By Christine Diwell

Somebody once told him his initials stood for Get Busy Sam and ever after he took the comment to heart.

Born 1889 Bertie Samuelson entered the film industry aged 21, operating a film renting agency in Southport. Always keen to develop his creative gifts, in 1913 he conceived the idea of producing an epic film about the reign of Queen Victoria whom he much admired. The result was Sixty Years A Queen, which he financed and heIped produce at Ealing Studios.

With this success behind him Samuelson felt the time had come to acquire his own film studios. He heard the house and estate of Worton Hall, Isleworth was for sale and, early in 1914, rented it with an option of buying for the unbelievable sum of £200.

In Patricia Warren's superb Illustrated History of British Film Studios, Worton Hall is described then as being set in nine acres, the house having 40 rooms. Its ground floor was soon turned into offices, property and wardrobe rooms, in addition to a projection theatre and joining rooms, plus a canteen.

The first and top floors contained eleven bedrooms. These were converted into flats to accommodate those needing to stay overnight, while the ballroom and dining room were left intact to be used for filming. Dressing rooms for actresses in the left wing, the right wing being reserve red for actors.

The grounds comprised terraces, lawns, paddocks, vineries with ancient cedar trees and wooded areas giving the appearance in parts of dense forest.

Although the studios opened officially on 1st July 1914, filming of Conan Doyle’s A Study in Scarlet had already commenced the month before. The film, which starred James Bragington, a Samuelson office employee cast simply because he resembled the traditional Holmes look, became a great success in the UK. It was sold to the US for a four figure sum.

When Germany declared war on France in 1914, throwing the whole of Europe into conflict, it is claimed that crowds descended down the Mall shouting that the German navy would be at the bottom of the North Sea within a week. And on hearing this, Samuelson rushed to his Chief Producer, George Pearson, and enthused: "Come on George, we’ll take at room for the night at Frascati's. . ..write a script... The Great World War…and start filming tomorrow�

The following day Samuelson's workers listened with growing excitement to his startling new venture, a fictitious newsreel brought bang up to date with headlines of the daily press. A frantic rush then ensued to engage every out of work actor, hire costumes, buy up old medals, swords, flags and usable bits of stage property from “dummy bodies to lycopodium pots"! Filming duly commenced two later.

The Great European War Day to Day played to record audiences and was followed by Incidents of the Great European War. So successful were they the market soon become flooded with imitations, virtually ending Samuelson's market dominance.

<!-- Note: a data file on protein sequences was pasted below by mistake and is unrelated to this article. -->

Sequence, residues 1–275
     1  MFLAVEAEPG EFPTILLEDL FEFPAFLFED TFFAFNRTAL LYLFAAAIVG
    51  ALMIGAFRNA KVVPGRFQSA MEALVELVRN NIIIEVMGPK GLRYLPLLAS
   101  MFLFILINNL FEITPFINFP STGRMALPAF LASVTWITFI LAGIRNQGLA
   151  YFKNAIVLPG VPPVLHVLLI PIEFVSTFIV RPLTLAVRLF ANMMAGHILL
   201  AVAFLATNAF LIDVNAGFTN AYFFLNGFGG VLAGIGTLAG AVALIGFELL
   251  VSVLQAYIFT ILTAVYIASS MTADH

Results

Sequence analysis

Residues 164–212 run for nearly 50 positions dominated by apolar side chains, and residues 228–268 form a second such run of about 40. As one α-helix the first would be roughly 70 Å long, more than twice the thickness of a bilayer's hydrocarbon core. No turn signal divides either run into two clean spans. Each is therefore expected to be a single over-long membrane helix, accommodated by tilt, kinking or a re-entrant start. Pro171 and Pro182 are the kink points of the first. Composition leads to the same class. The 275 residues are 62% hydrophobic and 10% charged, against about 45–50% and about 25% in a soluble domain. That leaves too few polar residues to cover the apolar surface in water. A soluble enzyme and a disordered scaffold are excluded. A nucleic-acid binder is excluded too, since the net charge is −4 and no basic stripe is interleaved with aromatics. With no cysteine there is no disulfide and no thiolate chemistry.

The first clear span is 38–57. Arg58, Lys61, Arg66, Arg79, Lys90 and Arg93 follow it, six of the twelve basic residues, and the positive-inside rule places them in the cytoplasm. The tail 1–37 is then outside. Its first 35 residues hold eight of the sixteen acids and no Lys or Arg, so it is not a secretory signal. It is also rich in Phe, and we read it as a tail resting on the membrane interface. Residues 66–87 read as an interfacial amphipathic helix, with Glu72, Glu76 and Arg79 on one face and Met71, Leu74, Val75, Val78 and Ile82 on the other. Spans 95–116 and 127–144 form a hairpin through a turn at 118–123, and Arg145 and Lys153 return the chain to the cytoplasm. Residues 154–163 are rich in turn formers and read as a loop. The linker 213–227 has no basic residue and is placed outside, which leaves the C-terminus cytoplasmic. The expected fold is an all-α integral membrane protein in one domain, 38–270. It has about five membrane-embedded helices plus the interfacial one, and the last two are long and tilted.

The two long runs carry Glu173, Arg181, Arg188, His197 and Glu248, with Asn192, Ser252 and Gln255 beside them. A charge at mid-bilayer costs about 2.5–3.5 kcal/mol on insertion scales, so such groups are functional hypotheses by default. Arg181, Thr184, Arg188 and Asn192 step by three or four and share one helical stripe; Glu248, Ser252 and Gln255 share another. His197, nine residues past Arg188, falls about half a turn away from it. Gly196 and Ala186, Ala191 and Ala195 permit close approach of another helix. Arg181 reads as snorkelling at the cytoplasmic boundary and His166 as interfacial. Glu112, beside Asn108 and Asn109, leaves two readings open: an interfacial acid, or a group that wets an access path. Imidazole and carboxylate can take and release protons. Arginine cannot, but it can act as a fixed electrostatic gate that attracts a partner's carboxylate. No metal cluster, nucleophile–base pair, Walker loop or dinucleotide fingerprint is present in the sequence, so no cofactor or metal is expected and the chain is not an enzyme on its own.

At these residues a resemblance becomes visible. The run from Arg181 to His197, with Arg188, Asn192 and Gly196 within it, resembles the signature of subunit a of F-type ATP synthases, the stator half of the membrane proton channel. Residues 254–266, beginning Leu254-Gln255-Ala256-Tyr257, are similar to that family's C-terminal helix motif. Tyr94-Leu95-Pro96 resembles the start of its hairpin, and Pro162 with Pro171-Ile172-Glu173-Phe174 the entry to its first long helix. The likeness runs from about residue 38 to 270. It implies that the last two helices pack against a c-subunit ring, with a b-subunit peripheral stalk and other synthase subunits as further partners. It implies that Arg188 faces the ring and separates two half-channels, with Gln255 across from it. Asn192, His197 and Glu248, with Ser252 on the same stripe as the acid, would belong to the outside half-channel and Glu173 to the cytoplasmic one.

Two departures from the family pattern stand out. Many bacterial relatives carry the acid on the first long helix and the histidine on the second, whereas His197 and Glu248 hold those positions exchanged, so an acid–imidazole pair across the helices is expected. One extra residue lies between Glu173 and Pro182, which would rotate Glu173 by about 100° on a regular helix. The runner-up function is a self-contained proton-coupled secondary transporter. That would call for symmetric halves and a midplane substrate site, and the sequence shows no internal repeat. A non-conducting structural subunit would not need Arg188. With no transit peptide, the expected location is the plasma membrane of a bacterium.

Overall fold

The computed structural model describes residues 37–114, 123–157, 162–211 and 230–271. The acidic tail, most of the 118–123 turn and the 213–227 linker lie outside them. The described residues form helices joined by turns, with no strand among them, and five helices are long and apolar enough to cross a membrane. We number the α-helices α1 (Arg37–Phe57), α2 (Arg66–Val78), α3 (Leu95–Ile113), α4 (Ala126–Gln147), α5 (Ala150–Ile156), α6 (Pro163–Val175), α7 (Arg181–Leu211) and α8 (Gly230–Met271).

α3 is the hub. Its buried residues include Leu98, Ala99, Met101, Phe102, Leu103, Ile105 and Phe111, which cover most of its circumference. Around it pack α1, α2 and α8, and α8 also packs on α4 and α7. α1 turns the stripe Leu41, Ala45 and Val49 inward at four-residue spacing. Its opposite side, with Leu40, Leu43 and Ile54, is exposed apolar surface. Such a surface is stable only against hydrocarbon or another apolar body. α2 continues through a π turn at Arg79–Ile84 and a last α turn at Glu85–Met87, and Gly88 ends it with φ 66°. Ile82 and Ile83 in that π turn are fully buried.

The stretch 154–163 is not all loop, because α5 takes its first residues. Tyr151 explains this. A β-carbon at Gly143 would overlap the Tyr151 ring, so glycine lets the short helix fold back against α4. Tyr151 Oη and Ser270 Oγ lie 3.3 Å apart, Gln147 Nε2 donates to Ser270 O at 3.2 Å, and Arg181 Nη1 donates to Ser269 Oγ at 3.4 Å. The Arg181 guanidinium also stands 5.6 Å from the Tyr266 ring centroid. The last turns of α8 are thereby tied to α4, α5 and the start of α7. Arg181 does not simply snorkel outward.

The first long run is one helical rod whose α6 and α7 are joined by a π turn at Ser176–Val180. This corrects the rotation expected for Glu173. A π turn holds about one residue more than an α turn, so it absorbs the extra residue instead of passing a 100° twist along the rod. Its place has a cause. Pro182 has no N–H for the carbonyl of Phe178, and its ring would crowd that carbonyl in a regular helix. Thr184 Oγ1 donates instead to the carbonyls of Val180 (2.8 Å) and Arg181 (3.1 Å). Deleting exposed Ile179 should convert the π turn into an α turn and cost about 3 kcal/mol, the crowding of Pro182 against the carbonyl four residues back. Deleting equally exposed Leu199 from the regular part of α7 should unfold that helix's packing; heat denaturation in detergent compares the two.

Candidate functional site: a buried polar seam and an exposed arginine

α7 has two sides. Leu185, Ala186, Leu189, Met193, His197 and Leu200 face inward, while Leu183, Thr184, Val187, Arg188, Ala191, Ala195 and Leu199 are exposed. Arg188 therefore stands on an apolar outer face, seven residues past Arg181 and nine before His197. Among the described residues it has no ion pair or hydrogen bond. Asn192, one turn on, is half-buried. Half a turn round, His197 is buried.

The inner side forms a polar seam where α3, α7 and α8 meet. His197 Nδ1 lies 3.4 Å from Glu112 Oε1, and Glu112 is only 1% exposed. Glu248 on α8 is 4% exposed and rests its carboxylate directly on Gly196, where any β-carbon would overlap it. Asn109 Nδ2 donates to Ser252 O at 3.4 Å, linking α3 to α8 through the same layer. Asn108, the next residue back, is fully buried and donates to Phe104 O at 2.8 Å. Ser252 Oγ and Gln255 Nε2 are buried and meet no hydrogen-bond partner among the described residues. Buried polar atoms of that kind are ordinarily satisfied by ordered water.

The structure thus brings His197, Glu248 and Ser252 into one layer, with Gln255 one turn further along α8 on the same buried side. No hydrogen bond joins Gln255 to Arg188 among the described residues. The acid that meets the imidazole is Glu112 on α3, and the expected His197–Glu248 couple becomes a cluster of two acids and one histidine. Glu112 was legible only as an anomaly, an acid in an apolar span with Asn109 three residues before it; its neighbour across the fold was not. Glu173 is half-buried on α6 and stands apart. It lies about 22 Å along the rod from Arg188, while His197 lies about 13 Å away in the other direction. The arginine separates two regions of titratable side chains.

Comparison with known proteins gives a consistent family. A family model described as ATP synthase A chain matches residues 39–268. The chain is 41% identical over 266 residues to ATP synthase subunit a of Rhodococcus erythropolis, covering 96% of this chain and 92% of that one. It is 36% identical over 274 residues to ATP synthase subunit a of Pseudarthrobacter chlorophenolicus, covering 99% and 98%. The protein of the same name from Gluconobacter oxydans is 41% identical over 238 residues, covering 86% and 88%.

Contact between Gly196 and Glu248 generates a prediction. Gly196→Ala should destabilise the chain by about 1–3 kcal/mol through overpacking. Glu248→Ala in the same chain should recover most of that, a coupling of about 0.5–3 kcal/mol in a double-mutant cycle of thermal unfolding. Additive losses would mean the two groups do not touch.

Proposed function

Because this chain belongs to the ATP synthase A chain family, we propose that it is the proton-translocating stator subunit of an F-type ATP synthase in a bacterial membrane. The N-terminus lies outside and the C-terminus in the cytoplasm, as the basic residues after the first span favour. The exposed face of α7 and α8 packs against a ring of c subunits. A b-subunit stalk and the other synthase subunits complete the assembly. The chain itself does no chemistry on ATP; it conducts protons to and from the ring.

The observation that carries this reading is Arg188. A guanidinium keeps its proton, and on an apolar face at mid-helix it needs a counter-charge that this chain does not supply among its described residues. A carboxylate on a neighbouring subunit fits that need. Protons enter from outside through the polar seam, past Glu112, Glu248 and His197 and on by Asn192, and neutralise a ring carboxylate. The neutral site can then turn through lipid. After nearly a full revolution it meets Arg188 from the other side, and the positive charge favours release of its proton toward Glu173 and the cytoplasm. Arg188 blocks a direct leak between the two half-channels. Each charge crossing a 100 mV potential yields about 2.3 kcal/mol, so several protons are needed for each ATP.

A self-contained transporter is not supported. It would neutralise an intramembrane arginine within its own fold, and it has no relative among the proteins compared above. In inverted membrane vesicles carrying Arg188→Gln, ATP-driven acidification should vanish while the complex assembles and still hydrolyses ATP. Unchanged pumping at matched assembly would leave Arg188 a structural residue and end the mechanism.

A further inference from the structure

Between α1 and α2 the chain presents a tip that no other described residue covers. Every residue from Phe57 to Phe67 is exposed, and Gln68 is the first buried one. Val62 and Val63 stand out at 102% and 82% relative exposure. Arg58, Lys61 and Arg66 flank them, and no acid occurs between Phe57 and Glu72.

In the following year Samuelson worked tirelessly producing films, often two or three at a time - far easier to do in silent days. These played to packed houses, with the result that Worton Hall had to be enlarged in 1916. From then until 1919 it earned an enviable reputation for producing high quality two reel adaptations of classic books such as Little Women, The Admirable Crichton and Damaged Goods. Samuelson also leased out part of the studios to other companies.

By 1919 Samuelson, having put wartime problems behind him, was being hailed by many as the great hope of British film production. It is therefore somewhat surprising that press reports in November 1920 indicate a "take over" of the studios by General Film Renters. As it was well known that General Film Renters had suffered sizable losses ever since its early days such a transaction seems unlikely.

This doubt is substantiated by the fact that in December 1922 Worton Hall Studios was sold by Samuelson to British Super Films, which had been founded jointly by Samuelson and Sir William Jury. The latter had been knighted in 1918 for providing film entertainment to the war fronts.

The first film under this new guise was Stable Companions starring Clive Brook and Lillian HaIl-Davis.

Hall-Davis, a popular, elegant, blonde, also appeared in Samuelson's subsequent historical drama A Royal Divorce.

By 1925 Samuelson, along with other major studio owners, was fighting for survival. Nonetheless he enterprisingly rnade, at a Berlin studio, a screen version of H Rider Haggard's She, using an international cast. Difficulties with the American star Betty Blythe followed resulting in a law suit. Samuelson's name was cleared but not without him incurring heavy legal expenses. So, despite being depicted as one of our greatest producers, with She as one of his greatest films, Samuelson was forced to sell Worton Hall to British Screen Productions in l928.

He did carry on working in films for several years after this, rnainly as a Director, but seemingly never recovered from the loss of the studios at Isleworth. He died in 1947.

One legacy, in which he would no doubt have taken much pride, was the continued involvement of his family in the film industry. His son, Sydney, was Britain's first Film Commissioner in 1991 and three years' later his grandsons Peter and Marc followed him into feature film production with Tom & Viv.

As for Worton Hall where Samuelson invested so much of his talent and energies, in 1929 the advent of talkies in the UK provided the studios with a new lease of life and filming there continued until 1951.